* U.S. shares fall slightly, European shares rise
* ECB spooks bonds, euro falls after initial surge
* China trade beats forecasts, commodity imports jump
* Oil rises after slip as investors eye more output cuts
* Graphic: World FX rates in 2016 tmsnrt.rs/2egbfVh (Updates to U.S. market open, changes byline, previous dateline London)
By Sinead Carew
NEW YORK, Dec 8 (Reuters) - Bond yields rose and the euro dipped on Thursday after the European Central Bank said it would slow its stimulus program from April, while Wall Street struggled to extend the previous session's records.
European stocks rose after the ECB decision to reduce the long-running bond buying scheme to 60 billion euros a month, from 80 billion, from April to December 2017.
However, initial market reaction was tempered after ECB President Mario Draghi said it was not an outright winding-down of quantitative easing (QE), as policymakers want more evidence of a sustained pickup in inflation in Europe.
"This isn't going to last forever, but they are saying we are going to keep doing this until inflation comes back," said Larry Milstein, head of U.S. government and agency trading at R.W. Pressprich & Co in New York.
The benchmark 10-year Treasury note's yield was last up 5 basis points at 2.396 percent, retreating from a session high of 2.427 percent. The German 10-year Bund yield was up 8 basis points at 0.429 percent.
The S&P 500 benchmark index was flat, with the leading percentage losses from industrials, utilities and healthcare sectors.
The Dow Jones industrial average was down 7.92 points, or 0.04 percent, to 19,541.7, the S&P 500 had lost 0.91 points, or 0.04 percent, to 2,240.44 and the Nasdaq Composite had added 13.04 points, or 0.24 percent, to 5,406.80.
The euro was last down 1.2 percent at $1.0626 after surging to $1.0875 right after the bank's statement.
The dollar rose 0.8 percent against a basket of major currencies after the ECB news and ahead of the U.S. Federal Reserve meeting next week. A stronger greenback has been the consensus since Donald Trump's election as U.S. president, but some analysts have begun to question the rally's durability.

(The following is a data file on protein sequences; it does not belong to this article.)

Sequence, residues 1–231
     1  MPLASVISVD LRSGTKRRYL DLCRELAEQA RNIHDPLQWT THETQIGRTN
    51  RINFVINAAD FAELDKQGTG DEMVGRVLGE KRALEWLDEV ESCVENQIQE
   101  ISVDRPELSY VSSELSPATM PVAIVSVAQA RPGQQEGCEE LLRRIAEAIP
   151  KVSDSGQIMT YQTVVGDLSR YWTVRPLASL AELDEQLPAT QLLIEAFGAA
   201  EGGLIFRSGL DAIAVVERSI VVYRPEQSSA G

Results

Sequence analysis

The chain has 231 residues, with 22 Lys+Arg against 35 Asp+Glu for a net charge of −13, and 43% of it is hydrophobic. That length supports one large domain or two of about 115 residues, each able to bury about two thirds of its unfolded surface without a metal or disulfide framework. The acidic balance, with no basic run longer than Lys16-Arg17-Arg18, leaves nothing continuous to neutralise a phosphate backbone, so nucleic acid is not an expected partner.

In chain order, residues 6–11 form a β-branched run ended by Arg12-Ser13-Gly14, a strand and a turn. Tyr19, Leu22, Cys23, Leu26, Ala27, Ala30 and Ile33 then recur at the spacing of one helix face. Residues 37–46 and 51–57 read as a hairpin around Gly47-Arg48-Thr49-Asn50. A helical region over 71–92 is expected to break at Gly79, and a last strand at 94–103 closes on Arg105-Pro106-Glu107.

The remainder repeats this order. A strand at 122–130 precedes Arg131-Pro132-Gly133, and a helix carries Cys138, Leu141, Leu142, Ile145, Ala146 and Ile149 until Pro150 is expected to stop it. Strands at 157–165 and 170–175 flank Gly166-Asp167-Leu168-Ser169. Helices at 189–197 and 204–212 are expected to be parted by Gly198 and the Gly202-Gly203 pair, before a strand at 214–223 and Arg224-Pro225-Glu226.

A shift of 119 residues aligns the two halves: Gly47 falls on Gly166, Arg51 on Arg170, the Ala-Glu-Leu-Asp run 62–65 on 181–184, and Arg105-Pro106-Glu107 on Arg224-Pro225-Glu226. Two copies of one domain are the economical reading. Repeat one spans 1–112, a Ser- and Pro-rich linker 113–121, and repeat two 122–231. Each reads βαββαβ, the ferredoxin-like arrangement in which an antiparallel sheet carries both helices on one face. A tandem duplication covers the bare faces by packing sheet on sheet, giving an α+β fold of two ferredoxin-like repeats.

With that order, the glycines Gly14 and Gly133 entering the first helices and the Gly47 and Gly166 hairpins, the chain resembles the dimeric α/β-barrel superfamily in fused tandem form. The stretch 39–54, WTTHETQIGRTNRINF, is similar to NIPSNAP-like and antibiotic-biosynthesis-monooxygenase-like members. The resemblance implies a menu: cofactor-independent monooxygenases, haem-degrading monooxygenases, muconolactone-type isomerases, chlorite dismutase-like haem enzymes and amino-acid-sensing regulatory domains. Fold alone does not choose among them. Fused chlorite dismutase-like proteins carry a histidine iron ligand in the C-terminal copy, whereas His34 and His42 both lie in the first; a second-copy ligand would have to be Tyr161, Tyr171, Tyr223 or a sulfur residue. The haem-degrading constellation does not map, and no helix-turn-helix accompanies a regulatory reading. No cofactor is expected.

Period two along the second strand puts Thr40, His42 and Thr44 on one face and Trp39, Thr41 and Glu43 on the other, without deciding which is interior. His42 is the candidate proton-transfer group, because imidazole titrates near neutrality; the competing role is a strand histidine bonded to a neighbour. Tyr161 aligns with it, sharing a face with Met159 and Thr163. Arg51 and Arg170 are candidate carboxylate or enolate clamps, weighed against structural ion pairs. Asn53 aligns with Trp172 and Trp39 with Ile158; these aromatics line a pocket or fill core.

"We are still in our camp of pushing the euro lower into the new year," said Alessio de Longis, a portfolio manager and macro strategist with Oppenheimer Funds in New York. "If we are right on the dollar's strength next year then it should break parity."
After initially turning negative following the ECB announcement, European shares extended gains with the STOXX last up 1 percent, underpinned by the continued rally in banks, which rose 1.8 percent.
The gains in European stocks came after MSCI's broadest indext of Asia-Pacific shares outside of Japan rose 1 percent, hitting their highest point in almost a month.
Risk appetite got a boost when China reported upbeat trade figures, with exports and imports both beating forecasts. Resource imports were strong, a major reason prices for bulk commodities have been rising.
A record peak for Samsung helped lift South Korea almost 2 percent in its biggest gain in almost a month. Tokyo's Nikkei gained 1.5 percent to hit its highest point since January as it brushed off a disappointing downward revision to Japan's third-quarter growth.
Oil futures reversed course and rose after a three-day decline related to oversupply worries.
Brent futures were up 72 cents at $53.72 and U.S. crude inched up 73 cents to $50.50, as market watchers focused on a weekend meeting of OPEC and non-OPEC producers that may result in an agreement to cut crude output further.
Gold nudged 0.2 percent lower as the dollar rose (Additional reporting by Richard Leong and Karen Bretell in New York, Patrick Graham in London and Wayne Cole in Sydney; Editing by Janet Lawrence and Nick Zieminski)